Anxiety can happen at any moment, and for many different reasons. Life events like work stress, global events, past relationships, social obligations, and family conflict are some of the main culprits when it comes to triggering anxiety. But anxiety can also be fueled by physical things like caffeine intake, lack of sleep, and diet.
That being said, it shouldn’t be that hard to believe that hormones could play a part in your anxiety as well.
Can hormones really affect your anxiety? Let’s find out!
Hormones and Anxiety
It’s true! Your hormones can have an effect on your anxiety. Hormonal imbalances can contribute to anxiety. Typically, anxiety is caused by a combination of hormones and existing mental health issues. However, it helps to know how these things interact and impact your anxiety level.
Let’s take a closer look at how stress hormones, sex hormones, and thyroid hormones may contribute to anxiety.
Stress Hormone (Cortisol)
Cortisol is a hormone that is produced and released by your adrenal glands. Whenever your body perceives harm or any type of threat, cortisol is released as a way to defend itself against stress. This reaction is also known as the fight-or-flight response. This is helpful when keeping us safe from danger in the short-term. But in the long term, we can get stuck in a cycle of imbalance.
When you’re experiencing stress, the release of cortisol can cause a hormonal imbalance within your body as a way for your body to regulate itself.
One of the downsides of the release of cortisol is that it means that your hormones are typically unbalanced, which can lead to increased anxiety.
Sex Hormones (Estrogen, Progesterone, and Testosterone)
When a woman is going through the premenstrual part of her cycle, fluctuating hormone levels can cause high estrogen, leading to increased anxiety.
Since progesterone naturally releases happy hormones like serotonin and dopamine, when progesterone levels are low, it can lead to alterations in mood and behavior, causing anxiety.
Low testosterone can also cause changes in mental and physical health. Low testosterone can lead to low sex drive and muscle mass, which is also linked to increased anxiety.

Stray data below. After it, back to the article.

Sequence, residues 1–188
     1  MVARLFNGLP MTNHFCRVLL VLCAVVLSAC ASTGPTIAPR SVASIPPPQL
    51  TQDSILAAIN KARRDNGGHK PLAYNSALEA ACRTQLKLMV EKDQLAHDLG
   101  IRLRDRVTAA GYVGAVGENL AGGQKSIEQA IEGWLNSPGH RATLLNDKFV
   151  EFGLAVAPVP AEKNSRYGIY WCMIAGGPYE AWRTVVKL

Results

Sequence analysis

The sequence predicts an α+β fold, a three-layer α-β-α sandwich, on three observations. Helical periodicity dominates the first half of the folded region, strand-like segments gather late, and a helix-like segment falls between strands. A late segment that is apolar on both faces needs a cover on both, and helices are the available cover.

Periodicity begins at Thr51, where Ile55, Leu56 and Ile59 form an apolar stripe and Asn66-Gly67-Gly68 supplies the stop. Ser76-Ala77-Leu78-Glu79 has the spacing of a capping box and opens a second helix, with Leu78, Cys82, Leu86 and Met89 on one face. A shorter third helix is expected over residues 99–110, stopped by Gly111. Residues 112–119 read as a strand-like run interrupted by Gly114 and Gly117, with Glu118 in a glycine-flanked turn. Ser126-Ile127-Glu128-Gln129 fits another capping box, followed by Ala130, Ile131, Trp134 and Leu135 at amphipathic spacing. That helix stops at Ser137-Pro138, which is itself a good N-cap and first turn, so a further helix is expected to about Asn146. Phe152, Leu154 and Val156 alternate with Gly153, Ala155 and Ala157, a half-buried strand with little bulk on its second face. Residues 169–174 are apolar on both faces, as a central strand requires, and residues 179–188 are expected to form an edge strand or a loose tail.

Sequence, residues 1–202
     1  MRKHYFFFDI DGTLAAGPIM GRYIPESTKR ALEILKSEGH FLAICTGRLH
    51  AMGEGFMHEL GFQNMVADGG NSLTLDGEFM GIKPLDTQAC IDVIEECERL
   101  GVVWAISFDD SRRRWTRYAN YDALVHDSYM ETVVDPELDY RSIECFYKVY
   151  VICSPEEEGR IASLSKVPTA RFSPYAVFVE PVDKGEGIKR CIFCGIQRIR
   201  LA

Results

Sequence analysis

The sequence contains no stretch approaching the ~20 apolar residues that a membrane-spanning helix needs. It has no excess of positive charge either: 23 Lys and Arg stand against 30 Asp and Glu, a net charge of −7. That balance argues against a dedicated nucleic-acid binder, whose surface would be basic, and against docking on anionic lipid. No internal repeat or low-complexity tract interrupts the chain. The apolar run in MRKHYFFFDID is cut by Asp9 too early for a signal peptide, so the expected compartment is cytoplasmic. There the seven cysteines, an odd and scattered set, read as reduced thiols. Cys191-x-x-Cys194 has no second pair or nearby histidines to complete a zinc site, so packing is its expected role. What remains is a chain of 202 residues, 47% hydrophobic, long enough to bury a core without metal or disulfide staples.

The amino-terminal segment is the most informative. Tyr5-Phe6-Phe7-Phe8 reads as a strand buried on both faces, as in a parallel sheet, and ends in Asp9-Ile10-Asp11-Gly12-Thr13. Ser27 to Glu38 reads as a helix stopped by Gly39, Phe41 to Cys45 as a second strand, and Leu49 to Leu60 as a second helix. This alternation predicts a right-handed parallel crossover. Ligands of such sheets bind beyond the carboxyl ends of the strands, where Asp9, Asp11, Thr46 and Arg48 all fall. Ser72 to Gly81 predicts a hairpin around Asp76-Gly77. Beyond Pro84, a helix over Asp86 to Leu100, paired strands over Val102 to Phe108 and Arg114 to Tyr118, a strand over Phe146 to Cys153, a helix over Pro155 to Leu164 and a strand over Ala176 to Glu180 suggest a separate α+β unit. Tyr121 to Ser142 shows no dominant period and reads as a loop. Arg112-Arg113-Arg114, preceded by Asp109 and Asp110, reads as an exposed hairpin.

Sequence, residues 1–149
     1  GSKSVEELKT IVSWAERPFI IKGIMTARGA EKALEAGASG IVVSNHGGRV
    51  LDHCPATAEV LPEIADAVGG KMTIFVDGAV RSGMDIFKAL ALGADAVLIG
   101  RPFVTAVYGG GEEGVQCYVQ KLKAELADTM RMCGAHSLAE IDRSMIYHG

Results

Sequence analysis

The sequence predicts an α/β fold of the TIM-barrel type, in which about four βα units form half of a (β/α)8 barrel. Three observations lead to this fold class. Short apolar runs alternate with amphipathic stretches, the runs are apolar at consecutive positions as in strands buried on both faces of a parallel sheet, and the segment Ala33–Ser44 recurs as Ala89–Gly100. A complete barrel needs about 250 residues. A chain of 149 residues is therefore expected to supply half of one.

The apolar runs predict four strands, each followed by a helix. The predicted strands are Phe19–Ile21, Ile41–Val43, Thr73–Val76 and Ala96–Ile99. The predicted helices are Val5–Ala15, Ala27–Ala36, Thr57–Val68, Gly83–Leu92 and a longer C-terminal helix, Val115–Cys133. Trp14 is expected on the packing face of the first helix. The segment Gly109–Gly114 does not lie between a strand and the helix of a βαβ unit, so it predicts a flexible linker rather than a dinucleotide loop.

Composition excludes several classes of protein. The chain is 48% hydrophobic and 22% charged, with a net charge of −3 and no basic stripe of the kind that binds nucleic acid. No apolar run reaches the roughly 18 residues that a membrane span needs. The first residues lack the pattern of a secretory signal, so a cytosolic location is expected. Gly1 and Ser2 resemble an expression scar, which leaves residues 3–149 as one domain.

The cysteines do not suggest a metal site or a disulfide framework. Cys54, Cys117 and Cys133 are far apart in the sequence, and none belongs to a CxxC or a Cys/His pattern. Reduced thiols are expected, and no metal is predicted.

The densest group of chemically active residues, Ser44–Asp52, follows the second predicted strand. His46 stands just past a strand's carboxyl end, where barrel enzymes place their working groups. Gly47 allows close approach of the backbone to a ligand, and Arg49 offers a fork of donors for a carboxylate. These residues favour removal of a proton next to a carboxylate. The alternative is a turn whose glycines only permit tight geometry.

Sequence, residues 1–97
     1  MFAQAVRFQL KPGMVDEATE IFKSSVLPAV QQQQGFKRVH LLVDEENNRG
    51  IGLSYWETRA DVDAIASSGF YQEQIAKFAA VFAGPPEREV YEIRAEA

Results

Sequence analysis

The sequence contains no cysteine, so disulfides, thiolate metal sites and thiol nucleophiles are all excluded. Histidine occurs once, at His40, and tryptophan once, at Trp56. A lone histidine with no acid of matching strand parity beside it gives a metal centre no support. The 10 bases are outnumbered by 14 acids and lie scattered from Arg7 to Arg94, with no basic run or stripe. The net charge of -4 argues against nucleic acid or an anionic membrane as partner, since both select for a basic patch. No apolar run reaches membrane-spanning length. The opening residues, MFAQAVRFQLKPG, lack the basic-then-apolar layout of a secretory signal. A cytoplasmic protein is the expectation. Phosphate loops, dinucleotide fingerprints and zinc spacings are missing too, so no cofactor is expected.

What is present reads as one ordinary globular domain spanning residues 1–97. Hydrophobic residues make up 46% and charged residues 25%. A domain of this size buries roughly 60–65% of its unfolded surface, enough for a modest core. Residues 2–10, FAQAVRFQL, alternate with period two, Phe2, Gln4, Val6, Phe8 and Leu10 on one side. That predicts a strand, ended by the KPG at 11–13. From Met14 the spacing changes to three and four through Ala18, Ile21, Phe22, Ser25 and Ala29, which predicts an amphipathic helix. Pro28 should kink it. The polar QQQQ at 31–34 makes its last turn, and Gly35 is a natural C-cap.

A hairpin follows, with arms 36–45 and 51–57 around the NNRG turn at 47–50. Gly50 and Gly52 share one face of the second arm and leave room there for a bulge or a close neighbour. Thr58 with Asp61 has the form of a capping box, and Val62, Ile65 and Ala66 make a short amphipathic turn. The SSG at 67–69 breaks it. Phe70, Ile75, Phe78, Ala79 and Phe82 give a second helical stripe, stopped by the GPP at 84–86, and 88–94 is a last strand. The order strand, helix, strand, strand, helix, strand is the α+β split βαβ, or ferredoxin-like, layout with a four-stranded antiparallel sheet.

Anxiety can also increase due to an overactive or underactive thyroid.
If someone has an overactive thyroid or hyperthyroidism, the boost in their metabolism can cause their entire nervous system to be more active and put them under more stress.
On the other hand, an underactive thyroid or hypothyroidism can cause the body to not produce enough hormones. This can cause the body’s natural metabolic process to slow down.
Similar to sex hormones, the mood changes caused by the thyroid can cause or worsen anxiety.
If you’re experiencing anxiety, there are ways to ease and control your symptoms.
Exercise is a simple and effective way to manage and reduce stress. Aim for 30 minutes every day. Try stretching, doing yoga, going on a walk outside, attending a workout class, or hitting the gym. Find the routine that works best for you.
Getting a better grasp on your nutrition can make you feel better from the inside out. Typically, stress can bring on cravings for comfort foods or foods that are not the best for you to have, especially in large quantities.
When you eat better, you’ll feel better. You also won’t fall victim to the cravings you may have next time you’re experiencing stress.
You may wonder if it’s possible to relax and enjoy your life. Anxiety therapy can make it possible.